[FIRST OCCIDENTAL WORK OF CENTRAL ASIAN PEOPLES] Hunlarin, Türklerin, Mogollarin ve daha sair Tatarlarin tarih-i umumîsi. 8 volumes set. [i.e. History of the Huns, Turks, Mongols, and other Western Tartaraes]. Translator: Hüseyin Cahid [Yalçin]

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JOSEPH DE GUIGNES, (1721-1800), Tanin Matbaasi, Istanbul, (1923-1924).

Original grey cloth bindings. Occasionally fading on the spines. Overall a very good set. Demy 8vo. (20 x 14 cm). In Ottoman script (Old Turkish with Arabic letters). 8 volumes set: (487, [2] p.; 512 p.; 446, [2] p.; 512 p.; 418, [2] p.; 500 p.; 531, [1] p., 377 p.).

Scarce first Turkish edition of this complete set of "Histoire generale des Huns, des Turcs, des Mongols, et des autres Tartaraes occidentaux" (1756-58) by De Guignes who was one of the most prominent orientalists of the 18th century. His most famous and influential work is one on the Turkic peoples of Central Asia, Turkestan, and China. It was translated by Hüseyin Cahit Yalçin (1874-1957), who was a prominent Turkish theorist and his works and translations defending the idea of a homogenous nation became popular within Ittihat ve Terakki [i.e. the Party of Union and Progress]. It was published with the encouragement of Ziya Gökalp (1876-1924), one of the leading theorists of the subject, and edited by Mükrimin Halil Yınanç (1898-1961). Later, it was one of the occidental works which helped form the intellectual foundations of rising modern Turkish nationalism.

De Guignes is one of the first orientalists to discuss the etymological and historical geographies of nations such as Tatars, Mongols, and Huns in this work. He originated the proposition that the Huns who attacked the Roman Empire were the same people as the Xiongnu mentioned in Chinese records. This view was popularised by his contemporary Edward Gibbon in the Decline and Fall of the Roman Empire. The idea has been strenuously debated by central Asianists, including Maenchen-Helfen, Henning, Bailey, and Vaissière.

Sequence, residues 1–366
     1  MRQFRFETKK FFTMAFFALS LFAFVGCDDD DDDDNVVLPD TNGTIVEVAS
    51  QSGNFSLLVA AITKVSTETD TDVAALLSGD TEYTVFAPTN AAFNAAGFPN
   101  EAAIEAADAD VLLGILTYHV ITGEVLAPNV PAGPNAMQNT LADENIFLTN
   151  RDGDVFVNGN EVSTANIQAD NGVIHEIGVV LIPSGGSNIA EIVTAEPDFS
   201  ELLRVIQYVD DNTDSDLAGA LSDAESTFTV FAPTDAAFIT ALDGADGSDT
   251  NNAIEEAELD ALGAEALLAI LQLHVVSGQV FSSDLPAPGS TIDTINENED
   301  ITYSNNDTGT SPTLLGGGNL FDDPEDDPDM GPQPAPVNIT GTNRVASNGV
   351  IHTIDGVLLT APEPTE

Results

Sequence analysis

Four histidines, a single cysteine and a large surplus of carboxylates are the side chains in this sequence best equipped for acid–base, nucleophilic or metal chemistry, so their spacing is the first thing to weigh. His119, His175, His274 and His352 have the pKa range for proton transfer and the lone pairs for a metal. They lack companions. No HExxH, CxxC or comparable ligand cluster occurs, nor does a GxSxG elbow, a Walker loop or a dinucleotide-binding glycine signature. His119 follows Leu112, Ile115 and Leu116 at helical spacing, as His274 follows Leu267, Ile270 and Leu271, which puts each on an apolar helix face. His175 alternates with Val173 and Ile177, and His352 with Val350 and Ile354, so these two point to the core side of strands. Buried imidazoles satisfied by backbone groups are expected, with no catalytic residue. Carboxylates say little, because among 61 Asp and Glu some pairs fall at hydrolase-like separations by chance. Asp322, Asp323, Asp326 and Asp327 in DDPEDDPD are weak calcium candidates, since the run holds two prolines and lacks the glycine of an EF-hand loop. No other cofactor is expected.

Guignes maintained that the Chinese nation had originated in Egyptian colonization, an opinion to which, in spite of every refutation, he obstinately clung. He published a number of articles arguing that Egyptian hieroglyphs and Chinese characters were related, one deriving from the other. Although he was mistaken in that, he is recognized for proving that cartouche rings in Egyptian texts contained royal names, a thesis he developed from a hint previously made by J. J. Barthélemy.

Contents: Great Tatarstan, Huns.; Genghis and the Mongols, the Mongol-China emperors, Khalka the Mongols.; China.; Huns and Western Turks.; Iran (Persia).; Konia, Aleppo, Damascus Seljuks, Syrian Atabegs, Kharezm Seljuks.; Tamerlane, The Mamluks of Egypt.; Turks, Iranian Seljuks.

Özege 8002.; TBTK 11730.; OCLC 12841603.